Trump warns draft Brexit agreement ‘good deal for EU’

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27 November 2018


Sterling lost another half a percent of its value on Tuesday morning, sinking to around its weakest position so far this month, after US President Trump warned that the proposed Brexit deal could hamper the UK’s trade ties with the US.

rump claimed that the current draft agreement was a good deal for the European Union and that it meant that the UK may not be able to trade with the US. Earlier this morning, former defence secretary Michael Fallon also issued words of warning over May’s deal, claiming on BBC radio that the Brexit deal was ‘doomed’ and must be renegotiated.

Theresa May appears to be fighting a losing battle to force the deal through a UK government vote. The Prime Minister will require 320 votes out of the 650 seats in parliament in order to pass the agreement. While she should have a slightly easier time convincing members of her Tory Party to back the deal, she needs support from members of the Labour Party, particularly given her coalition ally, the DUP, appear almost certain to vote against it.

Parliament is set to vote on the deal on 11th December. This date now presents itself as a critical junction in the entire Brexit process. May has repeatedly warned that MPs are faced with the choice between her deal, and no deal altogether.

US Dollar strengthens, Draghi strikes cautious tone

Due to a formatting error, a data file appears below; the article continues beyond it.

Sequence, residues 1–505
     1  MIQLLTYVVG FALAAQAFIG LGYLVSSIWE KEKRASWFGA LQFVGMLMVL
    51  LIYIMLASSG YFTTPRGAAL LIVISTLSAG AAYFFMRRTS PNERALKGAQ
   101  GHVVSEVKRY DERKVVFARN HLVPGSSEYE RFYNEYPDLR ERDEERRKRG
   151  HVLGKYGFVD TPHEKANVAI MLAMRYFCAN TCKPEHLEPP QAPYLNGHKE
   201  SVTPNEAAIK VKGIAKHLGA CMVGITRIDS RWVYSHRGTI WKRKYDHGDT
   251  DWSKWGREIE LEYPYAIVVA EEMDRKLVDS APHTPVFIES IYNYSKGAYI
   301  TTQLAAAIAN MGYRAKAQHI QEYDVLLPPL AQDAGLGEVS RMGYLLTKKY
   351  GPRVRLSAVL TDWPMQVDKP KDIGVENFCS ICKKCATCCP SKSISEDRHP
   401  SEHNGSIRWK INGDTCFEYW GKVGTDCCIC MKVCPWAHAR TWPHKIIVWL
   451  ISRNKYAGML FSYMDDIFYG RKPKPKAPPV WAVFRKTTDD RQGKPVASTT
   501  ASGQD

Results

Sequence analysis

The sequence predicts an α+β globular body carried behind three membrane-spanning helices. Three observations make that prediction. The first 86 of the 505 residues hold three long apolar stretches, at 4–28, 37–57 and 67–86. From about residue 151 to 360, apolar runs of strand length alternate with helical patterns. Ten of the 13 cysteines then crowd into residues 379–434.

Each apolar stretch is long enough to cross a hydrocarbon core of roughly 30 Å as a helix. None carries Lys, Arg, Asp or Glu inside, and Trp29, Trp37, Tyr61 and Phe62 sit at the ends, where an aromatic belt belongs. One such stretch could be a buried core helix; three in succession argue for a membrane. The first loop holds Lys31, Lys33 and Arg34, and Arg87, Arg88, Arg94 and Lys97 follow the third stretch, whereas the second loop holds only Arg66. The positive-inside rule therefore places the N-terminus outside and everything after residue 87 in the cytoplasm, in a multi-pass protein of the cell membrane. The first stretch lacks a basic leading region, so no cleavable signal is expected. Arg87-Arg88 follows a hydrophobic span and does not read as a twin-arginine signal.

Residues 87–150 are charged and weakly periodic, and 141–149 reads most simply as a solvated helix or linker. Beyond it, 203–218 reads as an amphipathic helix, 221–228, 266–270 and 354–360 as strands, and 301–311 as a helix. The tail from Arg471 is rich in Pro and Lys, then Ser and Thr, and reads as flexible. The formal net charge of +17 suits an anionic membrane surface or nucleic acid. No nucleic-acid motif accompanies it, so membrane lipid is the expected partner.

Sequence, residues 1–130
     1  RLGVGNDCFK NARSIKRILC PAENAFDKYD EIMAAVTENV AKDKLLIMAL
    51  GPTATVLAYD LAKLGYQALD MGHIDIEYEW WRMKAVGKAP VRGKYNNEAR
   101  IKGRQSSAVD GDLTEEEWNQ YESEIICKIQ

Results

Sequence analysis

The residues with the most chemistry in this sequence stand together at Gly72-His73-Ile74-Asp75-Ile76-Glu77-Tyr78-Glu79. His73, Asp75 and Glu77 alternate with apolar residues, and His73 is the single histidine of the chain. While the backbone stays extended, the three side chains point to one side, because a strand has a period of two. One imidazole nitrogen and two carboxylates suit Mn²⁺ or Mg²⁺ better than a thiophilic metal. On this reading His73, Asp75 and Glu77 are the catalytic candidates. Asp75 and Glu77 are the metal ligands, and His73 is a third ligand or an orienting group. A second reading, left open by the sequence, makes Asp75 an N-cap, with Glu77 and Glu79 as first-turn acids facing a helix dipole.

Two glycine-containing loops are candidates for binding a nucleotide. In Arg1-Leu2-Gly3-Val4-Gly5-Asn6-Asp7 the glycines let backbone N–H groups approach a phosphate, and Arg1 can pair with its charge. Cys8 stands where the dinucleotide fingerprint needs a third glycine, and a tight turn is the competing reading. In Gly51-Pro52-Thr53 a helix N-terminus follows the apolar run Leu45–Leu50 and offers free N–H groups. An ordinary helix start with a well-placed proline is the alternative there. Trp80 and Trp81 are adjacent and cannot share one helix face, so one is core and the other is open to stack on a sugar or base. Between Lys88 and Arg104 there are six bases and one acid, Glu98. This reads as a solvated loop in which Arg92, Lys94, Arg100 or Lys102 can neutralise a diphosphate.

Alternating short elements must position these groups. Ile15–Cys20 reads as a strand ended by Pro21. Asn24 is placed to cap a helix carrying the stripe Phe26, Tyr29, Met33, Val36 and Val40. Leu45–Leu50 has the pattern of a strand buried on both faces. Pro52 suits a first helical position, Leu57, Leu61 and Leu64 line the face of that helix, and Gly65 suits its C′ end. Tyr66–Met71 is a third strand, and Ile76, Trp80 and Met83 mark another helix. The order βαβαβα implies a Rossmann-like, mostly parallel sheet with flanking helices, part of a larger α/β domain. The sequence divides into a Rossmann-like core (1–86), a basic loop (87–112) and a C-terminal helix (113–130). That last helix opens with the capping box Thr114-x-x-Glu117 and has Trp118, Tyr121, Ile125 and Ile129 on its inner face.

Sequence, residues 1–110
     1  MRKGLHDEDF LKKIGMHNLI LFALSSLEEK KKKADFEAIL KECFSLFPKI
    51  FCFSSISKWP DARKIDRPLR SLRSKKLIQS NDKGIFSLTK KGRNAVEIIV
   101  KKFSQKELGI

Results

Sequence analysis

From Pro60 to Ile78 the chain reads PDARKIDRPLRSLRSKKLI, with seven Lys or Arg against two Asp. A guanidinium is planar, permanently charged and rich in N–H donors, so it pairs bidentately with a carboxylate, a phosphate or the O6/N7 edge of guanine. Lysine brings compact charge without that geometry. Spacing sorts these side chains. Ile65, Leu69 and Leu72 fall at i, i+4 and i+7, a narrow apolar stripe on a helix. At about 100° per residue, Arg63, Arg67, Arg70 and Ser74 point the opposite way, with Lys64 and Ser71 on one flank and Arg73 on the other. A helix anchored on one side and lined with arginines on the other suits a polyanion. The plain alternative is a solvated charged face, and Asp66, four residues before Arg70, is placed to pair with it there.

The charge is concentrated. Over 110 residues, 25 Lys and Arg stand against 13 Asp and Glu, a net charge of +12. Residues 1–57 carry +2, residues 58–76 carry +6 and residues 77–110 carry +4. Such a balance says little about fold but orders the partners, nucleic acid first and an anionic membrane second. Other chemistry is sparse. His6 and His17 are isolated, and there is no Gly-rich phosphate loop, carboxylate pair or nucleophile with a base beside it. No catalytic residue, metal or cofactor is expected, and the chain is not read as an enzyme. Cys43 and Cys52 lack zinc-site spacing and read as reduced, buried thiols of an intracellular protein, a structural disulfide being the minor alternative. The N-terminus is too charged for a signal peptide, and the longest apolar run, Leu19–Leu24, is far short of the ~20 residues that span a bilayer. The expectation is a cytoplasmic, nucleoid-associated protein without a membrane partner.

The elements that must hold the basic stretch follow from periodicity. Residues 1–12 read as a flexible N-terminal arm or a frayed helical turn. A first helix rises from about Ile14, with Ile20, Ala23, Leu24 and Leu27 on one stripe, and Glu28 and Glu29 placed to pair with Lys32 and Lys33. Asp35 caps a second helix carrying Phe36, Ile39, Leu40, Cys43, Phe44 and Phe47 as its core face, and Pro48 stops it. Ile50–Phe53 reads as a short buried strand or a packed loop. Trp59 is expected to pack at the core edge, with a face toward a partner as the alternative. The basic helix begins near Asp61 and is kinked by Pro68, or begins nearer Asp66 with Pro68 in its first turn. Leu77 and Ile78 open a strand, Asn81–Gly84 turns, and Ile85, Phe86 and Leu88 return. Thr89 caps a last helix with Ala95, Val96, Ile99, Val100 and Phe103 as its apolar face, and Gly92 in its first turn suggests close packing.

Additional comments from Trump on US-China trade also supported the US Dollar on Tuesday, allowing the greenback to rally to its strongest position in almost two weeks against the Euro.

The US President stated that he would follow through with his plans to impose a 25% tariffs on $200bn worth of Chinese goods, while threatening a further 10% tariff on imported iPhones and laptops. This doesn’t bode especially well for the G20 meeting later this week, in which Trump and Chinese President Xi Jinping are expected to discuss trade. Any meaningful progress during the negotiations now appears unlikely.

On Monday, we also had some fairly cautious comments from ECB President Mario Draghi that further weighed on the common currency. Draghi stated that recent data was weaker-than-expected. He said that the bank was on course to end its QE programme as scheduled in December, although his use of words ‘at current time’ suggest that there is a chance the central bank reverses course at its December meeting and extends its asset purchases. We do, however, think that this is very unlikely, baring a significant financial market event.